If Boomerocity is counting correctly, Big Dog is the ninth release by blues great, Albert Castiglia. Boomerocity became a fan after seeing him work with another blues great, Alexis P. Suter.
After five acclaimed albums and decades of blazing blues-rock shows, you might argue that you’ve already made his acquaintance. But by the Florida bandleader’s own admission, Big Dog is the first release to truly get under his skin. “I just wanted to make a record that best represented who I am, as a musician, singer, guitarist and live artist,” explains Albert. “With every release, I’ve come close, but this time, producer Mike Zito helped me nail it. He and label boss Thomas Ruf wanted me to make a raw, rocking blues record. That’s what I’m about- that’s who I am.”
At 46, he’s slugged his way into contention the old-fashioned way: writing from his heart, bleeding into his performances, eating up the road. “I have no illusions about what kind of guitar player and singer I am,” he states. “My style is raw, unadulterated, crude and heavy. I don’t have the technical proficiency of other players, but I play what’s in my heart and what I feel at that moment. When I write songs, they have to mean something.”
Recorded at Dockside Studios, Louisiana, there’s not an ounce of fat on Big Dog’s eleven tracks, with Albert darting between self-penned originals, cherished covers and co-writes with some of his closest compadres. “You could smell the mojo in the sweet Southern air,” reflects Albert, “and you could feel the mojo in the recording studio. We had a studio-savvy band with an incredible amount of soul, and Mike’s role as producer was the wildcard.”
Albert describes Big Dog as a “driving along the highway with the top down kind of record”, and “Let The Big Dog Eat” sets the pace (complete with breakneck riffing and improvised barks). Other foot-down cuts include the call-and-response “Don’t Let Them Fool Ya”, the searing “Where The Devil Makes His Deals” (written with Graham Wood Drout) and the observational wit of “Get Your Ass In The Van”. “That song was a response to all the poor, pampered souls,” grins Albert, “who think that music is one big American Idol episode.”
Some songs cut deeper. Co-written with label mate and Royal Southern Brotherhood’s Cyril Neville “Somehow” addresses the plight of the homeless and displaced in modern America. “The poor are commonly used as tag lines in speeches by politicians seeking public office,” points out Albert, “but when the cameras are off, they are often ignored and scorned. The song reflects a sadness, yet hopefulness, on how we as a society treat these people.”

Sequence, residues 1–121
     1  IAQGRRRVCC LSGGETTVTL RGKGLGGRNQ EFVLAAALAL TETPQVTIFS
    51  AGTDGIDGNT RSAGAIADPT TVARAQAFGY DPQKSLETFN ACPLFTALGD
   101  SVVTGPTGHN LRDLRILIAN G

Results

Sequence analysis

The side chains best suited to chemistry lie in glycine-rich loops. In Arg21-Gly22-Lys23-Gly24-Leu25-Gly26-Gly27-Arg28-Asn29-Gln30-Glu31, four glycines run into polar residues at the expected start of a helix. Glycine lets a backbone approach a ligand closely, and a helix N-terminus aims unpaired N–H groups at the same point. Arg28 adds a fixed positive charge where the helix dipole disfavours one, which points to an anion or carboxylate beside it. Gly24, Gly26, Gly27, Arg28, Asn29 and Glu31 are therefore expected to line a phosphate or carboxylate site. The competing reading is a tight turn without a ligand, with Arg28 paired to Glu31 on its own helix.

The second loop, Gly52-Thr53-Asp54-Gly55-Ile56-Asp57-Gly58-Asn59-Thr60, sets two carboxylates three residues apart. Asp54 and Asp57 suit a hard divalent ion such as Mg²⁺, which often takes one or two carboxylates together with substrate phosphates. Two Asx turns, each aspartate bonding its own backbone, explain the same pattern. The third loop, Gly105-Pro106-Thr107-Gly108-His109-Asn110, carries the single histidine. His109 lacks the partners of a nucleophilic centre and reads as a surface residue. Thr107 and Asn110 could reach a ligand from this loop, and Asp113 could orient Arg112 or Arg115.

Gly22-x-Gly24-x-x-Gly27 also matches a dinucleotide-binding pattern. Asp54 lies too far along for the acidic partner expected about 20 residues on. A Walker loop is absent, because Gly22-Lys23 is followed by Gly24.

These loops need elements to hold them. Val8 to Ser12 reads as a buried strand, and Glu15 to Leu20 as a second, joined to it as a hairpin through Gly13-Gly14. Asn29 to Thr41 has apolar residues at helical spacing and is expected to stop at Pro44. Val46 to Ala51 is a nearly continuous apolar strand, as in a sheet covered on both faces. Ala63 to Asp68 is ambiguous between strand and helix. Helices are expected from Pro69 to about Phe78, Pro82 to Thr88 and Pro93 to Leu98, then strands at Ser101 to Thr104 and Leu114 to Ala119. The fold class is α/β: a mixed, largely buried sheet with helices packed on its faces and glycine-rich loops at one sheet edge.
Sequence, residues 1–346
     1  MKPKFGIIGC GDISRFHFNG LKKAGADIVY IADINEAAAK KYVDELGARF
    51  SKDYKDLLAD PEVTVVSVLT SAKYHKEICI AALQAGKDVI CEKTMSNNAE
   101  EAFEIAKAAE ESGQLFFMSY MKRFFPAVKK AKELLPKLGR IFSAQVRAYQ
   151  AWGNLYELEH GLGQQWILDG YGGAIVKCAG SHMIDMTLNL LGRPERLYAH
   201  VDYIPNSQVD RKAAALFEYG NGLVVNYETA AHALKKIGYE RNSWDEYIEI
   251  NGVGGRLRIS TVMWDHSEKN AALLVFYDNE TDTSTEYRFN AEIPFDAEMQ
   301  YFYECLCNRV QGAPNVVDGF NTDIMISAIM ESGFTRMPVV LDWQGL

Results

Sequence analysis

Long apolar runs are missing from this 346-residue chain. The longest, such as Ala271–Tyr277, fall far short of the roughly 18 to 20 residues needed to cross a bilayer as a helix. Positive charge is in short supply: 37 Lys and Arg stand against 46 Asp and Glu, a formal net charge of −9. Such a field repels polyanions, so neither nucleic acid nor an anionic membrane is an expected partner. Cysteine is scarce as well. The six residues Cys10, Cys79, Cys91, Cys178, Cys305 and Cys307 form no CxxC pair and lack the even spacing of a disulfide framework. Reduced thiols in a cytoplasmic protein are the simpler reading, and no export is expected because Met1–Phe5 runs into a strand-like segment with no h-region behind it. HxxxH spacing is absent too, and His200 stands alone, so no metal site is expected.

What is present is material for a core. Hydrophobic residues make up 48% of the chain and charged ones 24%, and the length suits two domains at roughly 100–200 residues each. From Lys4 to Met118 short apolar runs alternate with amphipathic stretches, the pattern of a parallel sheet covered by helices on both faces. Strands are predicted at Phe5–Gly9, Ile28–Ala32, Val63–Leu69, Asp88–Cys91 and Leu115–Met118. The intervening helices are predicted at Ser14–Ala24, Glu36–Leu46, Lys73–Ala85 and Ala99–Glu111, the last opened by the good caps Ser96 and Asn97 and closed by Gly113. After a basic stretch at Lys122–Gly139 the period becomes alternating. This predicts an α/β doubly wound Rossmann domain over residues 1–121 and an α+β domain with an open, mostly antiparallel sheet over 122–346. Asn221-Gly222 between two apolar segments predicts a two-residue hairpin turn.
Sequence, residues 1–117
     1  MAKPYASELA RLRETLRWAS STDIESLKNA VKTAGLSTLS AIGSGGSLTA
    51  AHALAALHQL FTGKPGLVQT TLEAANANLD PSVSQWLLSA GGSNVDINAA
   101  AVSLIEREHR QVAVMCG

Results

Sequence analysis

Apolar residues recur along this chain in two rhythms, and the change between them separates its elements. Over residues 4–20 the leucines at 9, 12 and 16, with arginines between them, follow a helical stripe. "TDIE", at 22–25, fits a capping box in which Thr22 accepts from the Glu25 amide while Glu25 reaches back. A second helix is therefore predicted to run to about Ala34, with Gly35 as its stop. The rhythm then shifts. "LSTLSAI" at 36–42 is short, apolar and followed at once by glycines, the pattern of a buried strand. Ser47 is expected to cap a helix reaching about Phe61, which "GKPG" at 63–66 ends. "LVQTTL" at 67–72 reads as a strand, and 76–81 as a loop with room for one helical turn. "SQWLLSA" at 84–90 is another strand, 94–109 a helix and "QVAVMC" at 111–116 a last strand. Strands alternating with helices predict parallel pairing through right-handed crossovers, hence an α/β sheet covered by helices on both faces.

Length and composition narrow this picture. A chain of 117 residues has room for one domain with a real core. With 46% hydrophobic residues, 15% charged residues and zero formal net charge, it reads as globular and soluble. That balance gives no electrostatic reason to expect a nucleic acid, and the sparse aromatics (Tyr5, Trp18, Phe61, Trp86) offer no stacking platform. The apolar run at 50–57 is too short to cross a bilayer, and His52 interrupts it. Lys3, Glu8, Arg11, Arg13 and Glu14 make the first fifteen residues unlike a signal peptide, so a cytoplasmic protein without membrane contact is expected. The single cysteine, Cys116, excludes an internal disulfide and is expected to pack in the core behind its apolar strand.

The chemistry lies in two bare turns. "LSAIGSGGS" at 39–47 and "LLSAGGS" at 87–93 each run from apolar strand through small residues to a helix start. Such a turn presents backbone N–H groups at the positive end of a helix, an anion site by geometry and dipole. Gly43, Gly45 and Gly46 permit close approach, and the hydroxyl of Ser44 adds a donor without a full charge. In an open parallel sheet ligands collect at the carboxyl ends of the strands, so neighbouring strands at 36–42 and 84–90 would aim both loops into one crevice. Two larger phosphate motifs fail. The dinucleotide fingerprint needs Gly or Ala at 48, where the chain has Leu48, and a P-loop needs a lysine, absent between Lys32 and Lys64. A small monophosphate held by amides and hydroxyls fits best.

Another poignant moment is “Where Did I Go Wrong”. A soul-drenched slow-blues with harp from Johnny Sansone, it’s taken from the iconic Junior Wells’ You’re Tuff Enough album, and in many ways, brings Albert’s story full-circle. Born on August 12th, 1969, in New York – before moving to Florida aged five – Albert made his professional debut in 1990 with Miami Blues Authority, but truly hit the international radar after Wells invited the young bluesman into his solo band for several world tours. “It was an incredible adventure,” remembers Albert. “Ever since I was a kid, I wanted to be a Chicago bluesman. Junior opened the door for me to do that. He recorded his last studio album, Come On In This House, at Dockside Studios. What a sign!”
The gig was a shop-window, and though Wells died in 1998, there was no stopping Albert, whether he was joining the great Atlanta vocalist Sandra Hall for national tours in the late-’90s, or holding his own in onstage jams with everyone from Pinetop Perkins to John Primer. Nobody’s sideman, his own triumphant solo career began with 2002’s Burn, followed up by 2006’s A Stone’s Throw, 2010’s Keepin On and 2012’s Living The Dream.
In 2014, Ruf debut Solid Ground was declared “smoldering and intense” by blues critics. Now, Big Dog ups the ante, offering eleven new songs to get your teeth into, and supported by a full international tour that promises bark and bite.
If you thought you knew Albert Castiglia, you don’t know the half of it. “I think this album is a major game-changer for me,” he says. “No matter what happens after Big Dog’s release, I’ll always be proud of it. When we tour this album, you can expect a balls to the wall, rockin’ blues show. Expect to get what I’ve always given you – my 100%.”